And after 50 years as a brain researcher and neuroscientist, I can confidently tell you that when it comes to brain health, you do not have to accept a lesser you. There are sensible, evidence-based strategies that will make you feel better today and protect your brain for the long term.

That is why we created Synaptitude, a brain health assessment tool and improvement program to help people understand their risks and take practical steps to reduce them.

Stimulate Your Taste Buds

Looking to treat yourself? How about some dark chocolate? Chocolate with a cacao content of over 60% can improve our learning, memory, and cognition thanks to flavonoids, the antioxidants found in this treat. So, go ahead and buy some heart-shaped dark chocolate at your local grocery store!

Don’t have a sweet tooth? How about some cheese? According to a study that tracked aging adults who followed the Mediterranean diet, moderate consumption of dairy reduced participants’ risk of getting Alzheimer’s and other forms of dementia by between 45% and 48%!

Whether it’s Brie, Cheddar, or Gouda, eating a bit of cheese can reduce your risk of cognitive decline.

Get Your Heart Pumping

Give your heart the love it needs this Valentine’s Day by doing some cardio. Simple activities like walking, Pilates, and stationary cycling can have enormous health benefits. Getting your body to move helps you to relax, improves your ability to learn and remember, enhances your attention span, and makes you less susceptible to stress.

If you are going to do your exercise outside at this frigid time of year, make sure to warm up, and cover your nose and mouth once you’re outside.

Discover Your Passion

Invest in yourself and fall in love with a new hobby. Studies show that individuals with greater cognitive reserve, developed by a lifetime of education and curiosity, are better able to prevent the brain changes associated with dementia.

And learning to play a new musical instrument or to speak a new language can slow the rate of dementia, regardless of age. Whether it be the ukulele, the violin, French, or Russian, find something new to be passionate about!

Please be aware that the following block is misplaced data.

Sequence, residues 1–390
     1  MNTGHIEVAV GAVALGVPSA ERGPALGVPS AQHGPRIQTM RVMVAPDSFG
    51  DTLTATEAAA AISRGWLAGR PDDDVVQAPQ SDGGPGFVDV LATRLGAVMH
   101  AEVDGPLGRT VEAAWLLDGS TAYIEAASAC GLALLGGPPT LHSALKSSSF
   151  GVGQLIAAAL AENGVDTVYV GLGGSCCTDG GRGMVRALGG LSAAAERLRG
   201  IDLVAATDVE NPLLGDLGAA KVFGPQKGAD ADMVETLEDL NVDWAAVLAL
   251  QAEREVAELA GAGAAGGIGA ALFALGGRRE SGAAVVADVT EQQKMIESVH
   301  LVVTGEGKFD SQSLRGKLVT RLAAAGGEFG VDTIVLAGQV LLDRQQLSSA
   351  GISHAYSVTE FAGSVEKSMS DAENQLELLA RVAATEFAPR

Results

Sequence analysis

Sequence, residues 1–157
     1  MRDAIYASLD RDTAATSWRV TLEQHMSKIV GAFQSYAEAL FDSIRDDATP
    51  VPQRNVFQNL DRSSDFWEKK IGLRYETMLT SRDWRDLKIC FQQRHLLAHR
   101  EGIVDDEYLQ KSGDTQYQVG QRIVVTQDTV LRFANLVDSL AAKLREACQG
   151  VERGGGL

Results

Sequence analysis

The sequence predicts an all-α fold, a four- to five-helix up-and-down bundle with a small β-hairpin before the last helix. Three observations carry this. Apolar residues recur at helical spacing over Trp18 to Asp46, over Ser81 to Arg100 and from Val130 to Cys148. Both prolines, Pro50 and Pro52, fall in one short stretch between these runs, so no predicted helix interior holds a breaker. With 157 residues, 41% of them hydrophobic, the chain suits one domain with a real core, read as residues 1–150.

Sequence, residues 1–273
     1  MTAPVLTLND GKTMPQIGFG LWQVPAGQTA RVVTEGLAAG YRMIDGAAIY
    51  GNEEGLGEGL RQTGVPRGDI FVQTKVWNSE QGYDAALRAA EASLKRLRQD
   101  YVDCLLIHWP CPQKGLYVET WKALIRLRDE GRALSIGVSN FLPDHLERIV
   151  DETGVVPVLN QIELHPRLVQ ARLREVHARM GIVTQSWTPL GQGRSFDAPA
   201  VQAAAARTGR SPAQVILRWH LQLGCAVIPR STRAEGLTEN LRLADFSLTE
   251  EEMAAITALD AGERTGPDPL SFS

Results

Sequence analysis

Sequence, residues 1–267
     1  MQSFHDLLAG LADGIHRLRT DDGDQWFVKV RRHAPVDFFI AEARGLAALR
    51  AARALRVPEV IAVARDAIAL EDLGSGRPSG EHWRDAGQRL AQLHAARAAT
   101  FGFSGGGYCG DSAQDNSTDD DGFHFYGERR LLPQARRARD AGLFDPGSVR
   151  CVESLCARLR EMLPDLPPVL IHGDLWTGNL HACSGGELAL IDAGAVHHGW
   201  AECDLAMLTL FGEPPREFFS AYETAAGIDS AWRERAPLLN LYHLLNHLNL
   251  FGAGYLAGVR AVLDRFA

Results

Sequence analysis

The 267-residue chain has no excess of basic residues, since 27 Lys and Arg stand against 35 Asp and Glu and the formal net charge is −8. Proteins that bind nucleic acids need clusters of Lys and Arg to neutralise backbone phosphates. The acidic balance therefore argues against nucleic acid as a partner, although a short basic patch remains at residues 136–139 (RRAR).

Spread the Love

What better way to celebrate this holiday than to give yourself the love you deserve? Taking care of ourselves can lead to better relationships, happier aging, and a healthier mind.

Sleeping, getting a little frisky, eating chocolate, jumping around, and learning a new skill are all simple things we can do for ourselves to boost cognitive function and decrease the risk of decline.

Love can come in different forms. Sometimes we need a little reminder that one of them is loving ourselves by adopting new habits that will keep us healthy and happy now and in the future.

We created the Synaptitude brain-health program so you can personalize and optimize your sleep, diet, exercise, stress, and cognitive function, as well as track your progress. To learn more about the program, check out our brain-health assessment.

How are you planning to stimulate your brain this Valentine’s Day? What can you do for yourself – regardless of whether you have a partner or not – to feel special on this day?

Notify of

This site uses Akismet to reduce spam. Learn how your comment data is processed.

Inline Feedbacks
View all comments

The Author

Dr. Max Cynader is one of Canada's leading Neuroscientists. Winner of many awards (Order of Canada, Order of British Columbia, Fellow of the Royal Society of Canada, Canadian Medical Hall of Fame), he is the Founding Director of the University of British Columbia's Brain Research Centre and Centre for Brain Health. His research focuses on Neurodegeneration and The Aging Brain.

You Might Also Like